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Assumptions Underlying Linear Regression

Assumptions Underlying Linear Regression

The classic normal linear regression model assumptions are as follows:

I. The relationship between the dependent variable, Y, and the independent variable, X, is linear.

A linear relationship implies that the change in Y due to a one unit change in X is constant, regardless of the value taken by X. If the relationship between the two is not linear, the regression model will not capture the trend accurattely, a situation that will result in inaccurate predictions. The model will be biased and either underestimate or overestimate Y at various points. For example, the model \(Y = \beta_{0}+\beta_{1}e^{\beta_{1}x}\) is non linear in \(β_{1}\), and therefore we should not attempt to fit a linear model between X and Y.

It also follows that the independent variable, X, must be non stochastic (must not be random). A random independent variable rules out a linear relationship between the dependent and independent variables.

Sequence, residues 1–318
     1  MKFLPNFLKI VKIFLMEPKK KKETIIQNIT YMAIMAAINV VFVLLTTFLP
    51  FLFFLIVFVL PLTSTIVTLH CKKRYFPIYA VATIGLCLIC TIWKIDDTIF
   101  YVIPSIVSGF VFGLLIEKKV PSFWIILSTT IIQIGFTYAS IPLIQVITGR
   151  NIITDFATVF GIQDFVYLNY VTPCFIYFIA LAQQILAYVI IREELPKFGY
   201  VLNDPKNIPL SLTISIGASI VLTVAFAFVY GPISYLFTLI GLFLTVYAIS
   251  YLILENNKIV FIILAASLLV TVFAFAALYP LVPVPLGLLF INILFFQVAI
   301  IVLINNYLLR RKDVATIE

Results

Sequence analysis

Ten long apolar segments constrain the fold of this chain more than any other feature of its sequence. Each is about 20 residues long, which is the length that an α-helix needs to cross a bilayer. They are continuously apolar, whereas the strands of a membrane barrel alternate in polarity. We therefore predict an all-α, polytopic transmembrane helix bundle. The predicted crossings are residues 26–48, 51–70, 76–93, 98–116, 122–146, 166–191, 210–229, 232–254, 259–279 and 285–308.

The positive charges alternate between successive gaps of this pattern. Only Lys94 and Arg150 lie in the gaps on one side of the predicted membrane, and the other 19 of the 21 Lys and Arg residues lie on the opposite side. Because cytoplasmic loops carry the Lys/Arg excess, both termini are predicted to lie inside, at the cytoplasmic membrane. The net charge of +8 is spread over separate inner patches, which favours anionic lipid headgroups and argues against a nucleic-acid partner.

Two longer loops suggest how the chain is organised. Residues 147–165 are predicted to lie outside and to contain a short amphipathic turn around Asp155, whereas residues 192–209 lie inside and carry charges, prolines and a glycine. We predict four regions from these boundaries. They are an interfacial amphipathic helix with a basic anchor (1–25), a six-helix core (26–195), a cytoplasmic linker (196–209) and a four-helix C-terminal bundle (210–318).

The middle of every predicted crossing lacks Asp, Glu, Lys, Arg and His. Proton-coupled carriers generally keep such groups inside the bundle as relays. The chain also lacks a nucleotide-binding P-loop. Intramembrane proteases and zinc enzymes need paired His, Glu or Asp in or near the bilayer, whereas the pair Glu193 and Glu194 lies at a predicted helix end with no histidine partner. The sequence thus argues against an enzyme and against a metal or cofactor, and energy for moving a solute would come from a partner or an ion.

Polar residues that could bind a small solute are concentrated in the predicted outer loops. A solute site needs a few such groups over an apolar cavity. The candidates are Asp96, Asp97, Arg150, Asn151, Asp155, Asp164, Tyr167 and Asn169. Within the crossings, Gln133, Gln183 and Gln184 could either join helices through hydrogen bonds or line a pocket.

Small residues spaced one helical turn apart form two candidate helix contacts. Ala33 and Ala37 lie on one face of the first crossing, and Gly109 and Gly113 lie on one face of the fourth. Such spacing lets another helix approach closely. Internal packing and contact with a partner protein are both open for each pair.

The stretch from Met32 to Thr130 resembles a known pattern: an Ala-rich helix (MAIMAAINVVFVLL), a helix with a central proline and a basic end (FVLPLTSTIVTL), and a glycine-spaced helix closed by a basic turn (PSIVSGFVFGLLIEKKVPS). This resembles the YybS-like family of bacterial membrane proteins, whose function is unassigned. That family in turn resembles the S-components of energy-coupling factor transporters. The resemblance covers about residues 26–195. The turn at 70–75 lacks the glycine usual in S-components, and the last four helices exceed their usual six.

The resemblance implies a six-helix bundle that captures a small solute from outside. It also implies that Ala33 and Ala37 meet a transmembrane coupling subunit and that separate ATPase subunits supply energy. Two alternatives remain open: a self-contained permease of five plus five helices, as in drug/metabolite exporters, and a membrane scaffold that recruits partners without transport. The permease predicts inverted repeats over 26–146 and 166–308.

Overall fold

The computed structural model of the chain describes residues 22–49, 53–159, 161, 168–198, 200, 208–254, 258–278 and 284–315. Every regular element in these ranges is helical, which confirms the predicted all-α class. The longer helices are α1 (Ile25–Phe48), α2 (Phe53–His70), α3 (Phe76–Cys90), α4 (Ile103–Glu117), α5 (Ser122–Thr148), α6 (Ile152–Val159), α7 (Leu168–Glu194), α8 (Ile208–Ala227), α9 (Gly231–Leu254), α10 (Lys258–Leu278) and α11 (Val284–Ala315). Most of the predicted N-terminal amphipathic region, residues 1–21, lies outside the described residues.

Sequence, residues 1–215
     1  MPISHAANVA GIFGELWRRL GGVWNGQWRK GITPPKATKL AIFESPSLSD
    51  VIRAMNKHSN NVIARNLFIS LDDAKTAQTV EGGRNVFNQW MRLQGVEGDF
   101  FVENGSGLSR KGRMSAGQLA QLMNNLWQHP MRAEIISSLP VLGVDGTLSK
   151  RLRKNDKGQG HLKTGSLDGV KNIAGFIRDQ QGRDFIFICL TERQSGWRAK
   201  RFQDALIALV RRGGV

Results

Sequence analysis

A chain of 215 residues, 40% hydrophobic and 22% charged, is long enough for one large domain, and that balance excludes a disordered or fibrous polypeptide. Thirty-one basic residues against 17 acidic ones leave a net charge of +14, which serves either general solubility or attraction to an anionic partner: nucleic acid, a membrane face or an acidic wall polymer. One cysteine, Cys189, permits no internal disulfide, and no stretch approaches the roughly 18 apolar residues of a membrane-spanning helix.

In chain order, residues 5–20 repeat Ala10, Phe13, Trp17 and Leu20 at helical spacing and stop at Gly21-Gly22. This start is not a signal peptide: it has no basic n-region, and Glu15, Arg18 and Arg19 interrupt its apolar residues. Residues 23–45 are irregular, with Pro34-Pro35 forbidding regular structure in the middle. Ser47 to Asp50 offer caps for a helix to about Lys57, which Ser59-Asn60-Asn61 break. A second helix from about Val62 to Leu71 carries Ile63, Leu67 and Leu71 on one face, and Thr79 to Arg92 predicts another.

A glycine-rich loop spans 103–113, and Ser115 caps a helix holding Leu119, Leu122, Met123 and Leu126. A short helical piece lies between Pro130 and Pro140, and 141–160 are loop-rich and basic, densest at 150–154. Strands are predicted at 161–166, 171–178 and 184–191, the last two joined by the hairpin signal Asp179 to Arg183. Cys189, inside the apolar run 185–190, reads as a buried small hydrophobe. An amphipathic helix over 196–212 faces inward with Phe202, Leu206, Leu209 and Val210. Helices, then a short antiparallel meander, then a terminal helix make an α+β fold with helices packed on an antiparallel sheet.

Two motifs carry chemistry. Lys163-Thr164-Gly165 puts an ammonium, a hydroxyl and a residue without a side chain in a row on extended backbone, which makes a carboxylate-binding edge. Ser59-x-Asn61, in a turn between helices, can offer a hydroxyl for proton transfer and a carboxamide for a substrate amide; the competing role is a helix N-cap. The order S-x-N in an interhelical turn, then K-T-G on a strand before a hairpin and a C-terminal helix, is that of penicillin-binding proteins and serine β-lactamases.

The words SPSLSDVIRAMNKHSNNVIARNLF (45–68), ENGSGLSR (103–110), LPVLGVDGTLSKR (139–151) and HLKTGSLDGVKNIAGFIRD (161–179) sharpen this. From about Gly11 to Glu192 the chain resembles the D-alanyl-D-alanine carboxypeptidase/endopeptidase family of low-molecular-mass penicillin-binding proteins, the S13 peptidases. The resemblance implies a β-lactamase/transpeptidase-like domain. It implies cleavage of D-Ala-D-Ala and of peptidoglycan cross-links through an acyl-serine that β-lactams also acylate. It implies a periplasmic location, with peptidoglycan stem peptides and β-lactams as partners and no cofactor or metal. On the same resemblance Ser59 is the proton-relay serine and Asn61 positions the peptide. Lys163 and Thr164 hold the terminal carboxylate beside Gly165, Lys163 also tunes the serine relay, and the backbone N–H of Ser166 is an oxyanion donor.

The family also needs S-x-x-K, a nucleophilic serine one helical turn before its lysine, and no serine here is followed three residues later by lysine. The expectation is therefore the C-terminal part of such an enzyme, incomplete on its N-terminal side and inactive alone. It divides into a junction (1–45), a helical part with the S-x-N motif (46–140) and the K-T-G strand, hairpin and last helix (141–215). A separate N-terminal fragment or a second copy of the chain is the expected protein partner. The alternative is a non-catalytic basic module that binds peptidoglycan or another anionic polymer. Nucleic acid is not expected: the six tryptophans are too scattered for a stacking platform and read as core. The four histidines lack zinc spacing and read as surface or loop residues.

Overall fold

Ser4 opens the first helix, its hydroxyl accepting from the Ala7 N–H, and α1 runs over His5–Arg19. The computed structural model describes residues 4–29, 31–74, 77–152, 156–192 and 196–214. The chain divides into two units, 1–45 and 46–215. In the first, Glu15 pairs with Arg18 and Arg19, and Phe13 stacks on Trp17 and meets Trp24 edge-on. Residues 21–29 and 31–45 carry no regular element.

In addition, linearity means the residuals should not exhibit a discernible pattern when plotted against the independent variable but should instead be completely random. In the example below, we’re looking at a scenario where the residuals appear to show a pattern when plotted against the independent variable, X. This effectively serves as evidence of a non-linear relation. 

II. The expectation of the error terms is zero.

$$E(\epsilon)=0$$

III. The error terms (residuals) must be normally distributed.

A histogram of the residuals can be used to detect if the error term is normally distributed. A symmetric bell-shaped histogram indicates that the normality assumption is likely to be true. 

IV. The variance of the error terms is constant across all observations.

$$E(\epsilon_i^2)=\sigma_{\epsilon}^2,\ i=1,2, …, n$$

This assumption is also known as the homoskedasticity assumption.

In case residuals and the predicted values increase simultaneously, then such a situation is known as heteroscedasticity (or heteroskedasticity).

To test for heteroscedasticity, one ought to plot the least square residuals against the independent variable. If there is an evident pattern in the plot, then that is a manifestation of heteroskedasticity.

 

V. The error terms, \(\epsilon\), must be uncorrelated across all observations.

$$E(\epsilon_i\epsilon_j)=0,\ \forall i\neq j$$

To verify this assumption,  one should use a residual time series plot, which is a plot of residuals versus time. Fluctuating patterns around zero will indicate that the error term is dependent.

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